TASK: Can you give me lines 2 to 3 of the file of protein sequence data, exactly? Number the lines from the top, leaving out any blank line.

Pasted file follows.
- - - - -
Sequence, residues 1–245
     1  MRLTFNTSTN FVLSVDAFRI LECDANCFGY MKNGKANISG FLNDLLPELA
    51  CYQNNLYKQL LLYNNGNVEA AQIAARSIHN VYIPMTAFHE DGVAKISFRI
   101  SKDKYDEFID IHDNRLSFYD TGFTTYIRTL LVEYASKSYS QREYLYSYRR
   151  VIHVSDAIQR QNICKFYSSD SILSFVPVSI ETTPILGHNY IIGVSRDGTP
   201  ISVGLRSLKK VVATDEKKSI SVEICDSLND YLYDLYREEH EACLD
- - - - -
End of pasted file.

     1  MRLTFNTSTN FVLSVDAFRI LECDANCFGY MKNGKANISG FLNDLLPELA
    51  CYQNNLYKQL LLYNNGNVEA AQIAARSIHN VYIPMTAFHE DGVAKISFRI